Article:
On the same day he asked for release.  The application was rejected by the Gliwice District Court on 15 March 1996.  That decision was subsequently upheld by the Katowice Regional Court (Sąd Wojewódzki).  Neither the Gliwice District Prosecutor, nor the Katowice Regional Prosecutor took part in the sessions held by the relevant courts.  The applicant was not represented either.

On 17 June 1996 the Gliwice District Court convicted the applicant of robbery and sentenced him to four years and six months’ imprisonment and three years’ deprivation of his civic rights.

B.  Relevant domestic law and practice

1.  Imposition of detention on remand

At the material time, legal provisions governing detention on remand were contained in Chapter XXIV of the Code of Criminal Procedure of 19 April 1969, entitled “Preventive measures” (Środki zapobiegawcze).  That Code is no longer in force as it was repealed and replaced by the so-called “New Code of Criminal Procedure” of 6 June 1997 which entered into force on 1 September 1998.

Article 209 of the Code of Criminal Procedure of 1969 provided:

“Preventive measures may be imposed in order to ensure the proper conduct of proceedings if the evidence against the accused sufficiently justifies the opinion that he has committed a criminal offence.”

Until 4 August 1996 (i.e. the date on which the Law of 29 June 1995 on Amendments to the Code of Criminal Procedure and Other Criminal Statutes entered into force) at the investigative stage of criminal proceedings detention on remand was imposed by a prosecutor.

Article 210 §§ 1 and 2 of the Code of Criminal Procedure of 1969 (in the version applicable at the material time) stated:

“1.  Preventive measures shall be imposed by the court; before a bill of indictment has been lodged with the competent court, the measures shall be imposed by the prosecutor.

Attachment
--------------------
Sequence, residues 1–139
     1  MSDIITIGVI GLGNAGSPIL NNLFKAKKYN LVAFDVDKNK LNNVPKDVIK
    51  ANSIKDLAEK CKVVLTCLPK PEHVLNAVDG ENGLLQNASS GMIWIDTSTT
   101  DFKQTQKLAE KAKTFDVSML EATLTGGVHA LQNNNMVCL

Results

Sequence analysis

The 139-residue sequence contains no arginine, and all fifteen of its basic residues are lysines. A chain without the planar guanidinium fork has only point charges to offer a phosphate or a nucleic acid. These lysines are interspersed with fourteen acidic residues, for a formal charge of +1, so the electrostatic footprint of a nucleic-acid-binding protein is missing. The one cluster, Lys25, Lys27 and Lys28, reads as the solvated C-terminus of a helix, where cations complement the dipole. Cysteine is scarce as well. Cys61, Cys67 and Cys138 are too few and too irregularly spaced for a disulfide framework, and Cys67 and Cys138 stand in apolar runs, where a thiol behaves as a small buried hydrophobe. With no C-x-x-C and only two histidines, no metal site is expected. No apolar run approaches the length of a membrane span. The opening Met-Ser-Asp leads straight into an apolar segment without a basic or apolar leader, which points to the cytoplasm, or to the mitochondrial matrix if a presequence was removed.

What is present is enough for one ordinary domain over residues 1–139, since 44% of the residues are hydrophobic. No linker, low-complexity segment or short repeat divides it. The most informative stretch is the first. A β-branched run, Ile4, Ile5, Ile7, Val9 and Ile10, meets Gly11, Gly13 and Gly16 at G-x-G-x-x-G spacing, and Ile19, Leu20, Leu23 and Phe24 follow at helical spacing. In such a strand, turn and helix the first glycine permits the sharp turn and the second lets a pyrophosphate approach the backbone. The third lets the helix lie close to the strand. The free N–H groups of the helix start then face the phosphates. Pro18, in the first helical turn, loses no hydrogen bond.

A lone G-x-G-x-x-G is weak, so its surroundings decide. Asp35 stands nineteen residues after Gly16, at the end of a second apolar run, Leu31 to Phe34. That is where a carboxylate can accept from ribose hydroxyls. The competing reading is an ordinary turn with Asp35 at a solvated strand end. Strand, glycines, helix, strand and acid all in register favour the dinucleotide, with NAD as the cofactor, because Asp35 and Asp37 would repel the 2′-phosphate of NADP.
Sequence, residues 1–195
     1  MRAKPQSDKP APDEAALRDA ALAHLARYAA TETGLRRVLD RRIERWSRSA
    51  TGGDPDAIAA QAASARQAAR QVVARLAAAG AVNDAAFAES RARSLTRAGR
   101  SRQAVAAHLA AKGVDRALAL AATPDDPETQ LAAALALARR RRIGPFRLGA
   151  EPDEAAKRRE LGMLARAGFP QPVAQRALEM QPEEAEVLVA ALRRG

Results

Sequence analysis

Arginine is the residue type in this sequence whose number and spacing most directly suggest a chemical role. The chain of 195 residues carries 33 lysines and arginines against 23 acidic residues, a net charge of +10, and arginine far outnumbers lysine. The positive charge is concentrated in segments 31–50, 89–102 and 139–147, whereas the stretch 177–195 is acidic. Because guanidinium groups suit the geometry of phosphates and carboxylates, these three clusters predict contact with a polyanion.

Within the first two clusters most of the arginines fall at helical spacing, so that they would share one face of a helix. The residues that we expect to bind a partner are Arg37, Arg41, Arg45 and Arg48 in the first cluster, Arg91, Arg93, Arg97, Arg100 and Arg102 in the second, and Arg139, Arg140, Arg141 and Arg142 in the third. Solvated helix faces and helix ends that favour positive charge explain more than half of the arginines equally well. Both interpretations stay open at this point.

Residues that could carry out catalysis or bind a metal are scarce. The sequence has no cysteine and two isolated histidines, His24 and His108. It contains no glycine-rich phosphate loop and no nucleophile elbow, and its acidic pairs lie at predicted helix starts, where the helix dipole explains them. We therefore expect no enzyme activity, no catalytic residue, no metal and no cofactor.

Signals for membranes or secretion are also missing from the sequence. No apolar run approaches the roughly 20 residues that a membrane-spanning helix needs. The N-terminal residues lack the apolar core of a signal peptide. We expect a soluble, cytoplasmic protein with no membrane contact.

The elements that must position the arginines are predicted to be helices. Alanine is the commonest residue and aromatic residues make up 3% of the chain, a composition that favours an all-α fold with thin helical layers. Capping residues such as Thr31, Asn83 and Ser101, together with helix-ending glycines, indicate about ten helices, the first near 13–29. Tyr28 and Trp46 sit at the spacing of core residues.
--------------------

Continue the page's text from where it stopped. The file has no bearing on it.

2.  A prosecutor may impose a preventive measure only with respect to a person who has been questioned in the case as a suspect.  Before ordering detention on remand or deciding on bail the prosecutor shall personally hear the suspect.”

A detainee could, under Article 212 § 2 of the Code, appeal against a detention order made by a prosecutor to the court competent to deal with his case; however, he was not entitled to be brought before the court dealing with his appeal.

2.  Legislative, judicial and executive branches of the State

At the material time the relations between the authorities of the Polish State were set out in interim legislation, the so-called “Mini-Constitution” (Mała Konstytucja), i.e. the Constitutional Act of 17 October 1992.  Article 1 of the Act affirmed the principle of the separation of powers in the following terms:

“The legislative power of the State shall be vested in the Sejm and the Senate of the Republic of Poland; the executive power shall be vested in the President of Poland and the Council of Ministers; and judicial power shall be vested in the independent courts.”